More from The Stir: 7 Important Skills Kids Just Can't Do Anymore

  • Yelling Is As Bad As Hitting

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    Of course you don't hit your kids, but yell? Hey, every day! Well, it turns out a study by the University of Pittsburgh has found that yelling, rather than diminishing bad behavior, does the opposite: yelling spurs kids to misbehave more. The researchers also found that harsh words can have the same negative emotional effects on your teen as physical discipline, leading to antisocial and aggressive behavior. So perhaps it's time to tone it down.

    More from The Stir: I Routinely Yell at My Kids (Because They Don't Listen Until I Do)

  • They're Better at Making Friends Than You

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    Think all teens do is mope in their room listening to goth music wishing someone would give them a call? On the contrary, recent studies suggest that your teen is less lonely than you were as a kid. Research in the Personality and Social Psychology Bulletin about teens' attitudes and activities found that loneliness has declined steadily from 1978 to 2009. Kids are also less likely to join clubs and make close friends, but that doesn't faze them. They savor their independence, and that has its admirable qualities.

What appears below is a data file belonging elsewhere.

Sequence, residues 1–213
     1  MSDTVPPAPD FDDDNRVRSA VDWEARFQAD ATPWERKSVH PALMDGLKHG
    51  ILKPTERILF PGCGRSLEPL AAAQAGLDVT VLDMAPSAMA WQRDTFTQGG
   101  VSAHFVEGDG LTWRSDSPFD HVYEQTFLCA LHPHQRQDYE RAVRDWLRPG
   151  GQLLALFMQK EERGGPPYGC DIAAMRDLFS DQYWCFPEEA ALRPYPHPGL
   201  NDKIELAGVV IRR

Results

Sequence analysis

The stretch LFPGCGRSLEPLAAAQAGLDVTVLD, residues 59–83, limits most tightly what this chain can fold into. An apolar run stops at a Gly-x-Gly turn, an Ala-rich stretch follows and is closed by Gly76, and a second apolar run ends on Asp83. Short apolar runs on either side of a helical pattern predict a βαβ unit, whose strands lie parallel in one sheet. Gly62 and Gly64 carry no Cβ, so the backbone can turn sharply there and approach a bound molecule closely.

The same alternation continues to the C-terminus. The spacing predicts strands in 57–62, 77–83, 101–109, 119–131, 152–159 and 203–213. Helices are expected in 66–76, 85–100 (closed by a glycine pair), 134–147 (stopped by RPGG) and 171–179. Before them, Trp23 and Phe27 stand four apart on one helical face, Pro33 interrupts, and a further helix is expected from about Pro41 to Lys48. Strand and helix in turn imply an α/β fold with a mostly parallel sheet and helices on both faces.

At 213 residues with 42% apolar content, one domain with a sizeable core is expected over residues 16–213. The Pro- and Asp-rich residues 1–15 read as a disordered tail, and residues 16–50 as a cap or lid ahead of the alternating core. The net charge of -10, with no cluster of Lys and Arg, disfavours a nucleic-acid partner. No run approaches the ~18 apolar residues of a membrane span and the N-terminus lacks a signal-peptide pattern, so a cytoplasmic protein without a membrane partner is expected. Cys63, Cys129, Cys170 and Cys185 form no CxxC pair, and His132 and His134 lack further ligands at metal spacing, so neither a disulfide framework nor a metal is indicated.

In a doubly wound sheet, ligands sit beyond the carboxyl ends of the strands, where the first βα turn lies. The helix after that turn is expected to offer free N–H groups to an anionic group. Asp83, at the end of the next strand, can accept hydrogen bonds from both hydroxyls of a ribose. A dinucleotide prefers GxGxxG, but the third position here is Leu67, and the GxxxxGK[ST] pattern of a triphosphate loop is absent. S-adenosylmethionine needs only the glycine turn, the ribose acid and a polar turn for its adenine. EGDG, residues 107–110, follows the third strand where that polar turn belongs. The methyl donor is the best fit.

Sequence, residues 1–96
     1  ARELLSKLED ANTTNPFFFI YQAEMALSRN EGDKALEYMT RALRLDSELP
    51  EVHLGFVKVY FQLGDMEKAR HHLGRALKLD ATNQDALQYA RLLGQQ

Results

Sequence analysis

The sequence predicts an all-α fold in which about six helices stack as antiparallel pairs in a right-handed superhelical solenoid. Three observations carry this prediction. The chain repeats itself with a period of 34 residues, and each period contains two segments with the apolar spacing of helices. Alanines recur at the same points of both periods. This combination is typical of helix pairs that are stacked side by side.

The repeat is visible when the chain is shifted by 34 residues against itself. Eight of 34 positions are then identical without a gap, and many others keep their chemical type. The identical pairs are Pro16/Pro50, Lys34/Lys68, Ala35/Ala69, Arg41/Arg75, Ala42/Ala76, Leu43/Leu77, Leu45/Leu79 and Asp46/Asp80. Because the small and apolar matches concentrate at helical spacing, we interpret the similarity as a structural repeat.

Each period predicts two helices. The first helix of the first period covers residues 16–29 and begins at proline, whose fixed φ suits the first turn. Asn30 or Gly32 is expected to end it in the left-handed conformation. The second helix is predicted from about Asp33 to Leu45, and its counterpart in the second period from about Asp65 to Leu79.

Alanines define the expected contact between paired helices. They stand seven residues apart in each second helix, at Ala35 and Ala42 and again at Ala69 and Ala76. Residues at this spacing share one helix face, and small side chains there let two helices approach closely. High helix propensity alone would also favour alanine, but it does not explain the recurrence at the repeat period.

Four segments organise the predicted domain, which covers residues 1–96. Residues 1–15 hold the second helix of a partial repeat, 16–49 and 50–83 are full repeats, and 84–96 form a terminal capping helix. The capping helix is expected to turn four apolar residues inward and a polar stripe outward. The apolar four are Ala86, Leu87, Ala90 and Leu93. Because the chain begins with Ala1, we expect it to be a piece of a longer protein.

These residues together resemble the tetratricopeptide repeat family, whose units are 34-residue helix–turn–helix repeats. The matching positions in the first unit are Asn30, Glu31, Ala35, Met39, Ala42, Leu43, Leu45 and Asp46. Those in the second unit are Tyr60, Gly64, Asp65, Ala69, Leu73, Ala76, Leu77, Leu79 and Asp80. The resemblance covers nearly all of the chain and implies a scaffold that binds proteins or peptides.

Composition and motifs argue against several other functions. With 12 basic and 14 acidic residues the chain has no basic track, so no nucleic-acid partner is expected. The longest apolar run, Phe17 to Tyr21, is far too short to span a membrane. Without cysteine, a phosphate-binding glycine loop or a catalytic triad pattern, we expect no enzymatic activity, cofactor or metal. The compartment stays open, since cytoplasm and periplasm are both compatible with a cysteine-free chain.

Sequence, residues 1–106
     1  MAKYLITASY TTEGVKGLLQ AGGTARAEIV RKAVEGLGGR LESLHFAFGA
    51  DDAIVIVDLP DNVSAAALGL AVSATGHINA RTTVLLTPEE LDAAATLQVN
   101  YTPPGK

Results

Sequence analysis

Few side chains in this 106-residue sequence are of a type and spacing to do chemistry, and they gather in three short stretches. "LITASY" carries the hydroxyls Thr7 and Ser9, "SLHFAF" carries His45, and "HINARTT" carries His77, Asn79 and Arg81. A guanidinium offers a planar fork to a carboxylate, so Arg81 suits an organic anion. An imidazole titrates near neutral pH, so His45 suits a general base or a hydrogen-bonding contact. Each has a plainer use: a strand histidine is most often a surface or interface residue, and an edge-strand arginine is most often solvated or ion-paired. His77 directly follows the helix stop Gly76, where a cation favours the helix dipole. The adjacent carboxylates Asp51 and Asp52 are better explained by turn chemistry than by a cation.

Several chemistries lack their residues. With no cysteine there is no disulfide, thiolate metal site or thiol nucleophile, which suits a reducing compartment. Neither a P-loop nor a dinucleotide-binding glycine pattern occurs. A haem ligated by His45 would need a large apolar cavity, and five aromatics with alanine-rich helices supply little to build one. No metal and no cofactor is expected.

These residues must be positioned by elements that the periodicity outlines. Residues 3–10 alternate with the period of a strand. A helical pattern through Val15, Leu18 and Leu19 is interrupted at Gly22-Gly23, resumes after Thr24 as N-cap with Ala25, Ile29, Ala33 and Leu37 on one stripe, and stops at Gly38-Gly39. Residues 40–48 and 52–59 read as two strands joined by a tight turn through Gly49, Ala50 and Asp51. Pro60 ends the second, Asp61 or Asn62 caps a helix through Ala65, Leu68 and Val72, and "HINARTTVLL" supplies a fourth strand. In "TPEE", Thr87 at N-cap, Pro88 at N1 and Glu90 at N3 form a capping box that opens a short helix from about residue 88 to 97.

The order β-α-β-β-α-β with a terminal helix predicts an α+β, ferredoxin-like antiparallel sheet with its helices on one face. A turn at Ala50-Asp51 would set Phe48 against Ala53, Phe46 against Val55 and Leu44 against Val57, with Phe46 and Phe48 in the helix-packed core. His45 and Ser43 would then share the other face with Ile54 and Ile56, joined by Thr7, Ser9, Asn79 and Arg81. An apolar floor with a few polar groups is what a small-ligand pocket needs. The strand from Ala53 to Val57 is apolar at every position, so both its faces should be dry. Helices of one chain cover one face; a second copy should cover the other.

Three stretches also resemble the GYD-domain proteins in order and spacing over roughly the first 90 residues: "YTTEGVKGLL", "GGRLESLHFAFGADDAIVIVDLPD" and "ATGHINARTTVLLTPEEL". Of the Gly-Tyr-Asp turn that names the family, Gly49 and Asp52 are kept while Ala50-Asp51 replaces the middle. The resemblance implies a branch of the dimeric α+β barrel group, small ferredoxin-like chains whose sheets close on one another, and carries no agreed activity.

• Maturity Doesn't Happen at 18

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    By 18, teens are considered "adults" in that they graduate high school, can vote, enlist in the military, move out of your house -- in many ways, they can act just like you! And yet, MRI scans from recent research have shown that the brain doesn't fully mature in the teen years. On the contrary, parts of the brain involved in decision-making -- and those are the important, adult-like parts! -- don't become fully developed until age 25.  

  • They're Not As Badly Behaved As You Think

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    "Juvenoia" is the belief among older adults that their kids are more spoiled, ungrateful, badly behaved, and sexually depraved than ever before. In case this helps you sleep at night, some experts say these fears are overblown. For instance, incidents of youth violence are about half of what they were 20 years ago. All your worries that society is headed downhill are all in your head!

    More from The Stir: Dad's Choice of Discipline for Sexting Daughter Sparks Controversy